Name: “Jihad”

jihadIs it a provocation or an incitement to terrorism to name your son “Jihad”?  How about if you send your son, Jihad, to school wearing a t-shirt stating “Je suis une bombe” (I am a bomb)?  This actual case is being tried currently in France, with a judgment expected next month.  The boy in question was born Sept 11, 2009 and was given the name Jihad by his parents.  Last fall his uncle gave him a t-shirt with the bomb quote on the front and on the back, “Jihad, né le 11 septembre” (Jihad, born September 11th), which he wore one day to nursery school. Bouchra Bagour, the mother, was reported to police by the teacher and charged with “glorifying crime”.  She and the uncle now face a maximum sentence of up to five years in prison and a 45,000 Euros fine. They say the shirt was supposed to be a joke and highlight the boy’s birthday.

In fact, the actual meaning of “Je suis une bombe” is something like I’m fantastic (like English ‘da bomb’).  Jihad is a first name that has been used for a long time.  The case has created much discussion in France.  Here’s one comment from a reader forum for the French daily Le Parisien:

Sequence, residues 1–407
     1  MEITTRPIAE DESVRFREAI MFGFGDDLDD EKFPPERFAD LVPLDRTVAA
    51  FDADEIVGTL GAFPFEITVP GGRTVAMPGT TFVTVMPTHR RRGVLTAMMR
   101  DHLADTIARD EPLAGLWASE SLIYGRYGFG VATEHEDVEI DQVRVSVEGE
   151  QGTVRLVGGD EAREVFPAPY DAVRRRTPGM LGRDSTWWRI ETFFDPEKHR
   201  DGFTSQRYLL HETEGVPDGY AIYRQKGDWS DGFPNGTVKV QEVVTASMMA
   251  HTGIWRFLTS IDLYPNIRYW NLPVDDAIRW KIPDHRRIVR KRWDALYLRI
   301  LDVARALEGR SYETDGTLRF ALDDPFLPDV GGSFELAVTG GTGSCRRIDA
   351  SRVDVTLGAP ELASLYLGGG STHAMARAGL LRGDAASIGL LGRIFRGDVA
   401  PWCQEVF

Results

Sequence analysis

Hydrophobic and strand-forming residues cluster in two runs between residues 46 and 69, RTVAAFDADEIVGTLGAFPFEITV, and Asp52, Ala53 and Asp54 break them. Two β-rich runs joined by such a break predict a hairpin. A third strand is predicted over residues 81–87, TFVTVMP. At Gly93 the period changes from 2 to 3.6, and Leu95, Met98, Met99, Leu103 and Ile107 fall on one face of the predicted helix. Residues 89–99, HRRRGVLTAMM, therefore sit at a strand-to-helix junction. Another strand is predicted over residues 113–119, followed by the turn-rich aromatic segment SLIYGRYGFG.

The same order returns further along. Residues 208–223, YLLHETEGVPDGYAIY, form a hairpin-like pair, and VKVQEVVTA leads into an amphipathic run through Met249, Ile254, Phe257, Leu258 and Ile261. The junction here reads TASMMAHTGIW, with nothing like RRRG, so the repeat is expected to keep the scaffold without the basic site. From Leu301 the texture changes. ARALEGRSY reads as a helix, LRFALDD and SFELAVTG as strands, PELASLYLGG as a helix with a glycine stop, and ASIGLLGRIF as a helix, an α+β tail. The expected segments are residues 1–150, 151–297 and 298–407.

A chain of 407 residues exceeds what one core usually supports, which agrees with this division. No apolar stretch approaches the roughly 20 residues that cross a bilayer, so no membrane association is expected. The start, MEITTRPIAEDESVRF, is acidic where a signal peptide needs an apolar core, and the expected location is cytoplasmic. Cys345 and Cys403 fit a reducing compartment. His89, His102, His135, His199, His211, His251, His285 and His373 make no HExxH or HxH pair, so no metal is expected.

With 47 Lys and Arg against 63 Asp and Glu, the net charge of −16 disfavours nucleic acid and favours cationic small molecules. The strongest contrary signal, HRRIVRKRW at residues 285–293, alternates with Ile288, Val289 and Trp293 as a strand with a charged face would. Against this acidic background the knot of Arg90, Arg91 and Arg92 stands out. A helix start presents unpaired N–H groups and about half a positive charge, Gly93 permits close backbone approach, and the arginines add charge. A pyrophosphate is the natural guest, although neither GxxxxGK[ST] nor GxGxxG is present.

“Je m appelle Jihad , j’ai fait des études et je n’ai aucun problème dans ma vie. Jihad n’est pas un prénom né le 11 septembre , vous êtes au courant ? Il est donné depuis des millénaires. Le mot jihad à la base veut dire lutte contre ses péchés.” (My name is Jihad, I’m a university graduate and have never had any problems [with my name].  Jihad is not a name created by September 11th, did you know that?  It’s been used for millennia.  The word jihad means to fight to overcome one’s sins.).

It’s not just in France that the word Jihad arouses controversy. Last fall conservative blogger Pamela Gellar’s American Freedom Defense Initiative ran a series of ads on buses which stated, “”In any war between the civilized man and the savage, support the civilized man…Support Israel, Defeat Jihad.” In response, the the Council on American-Islamic Relations has begun a campaign to educate Americans both about the traditional meaning of jihad and the real nature of Muslims.  The “My Jihad” campaign is running ads on public buses, featuring Muslim Americans talked about the struggles they have confronted (i.e., their “jihads”).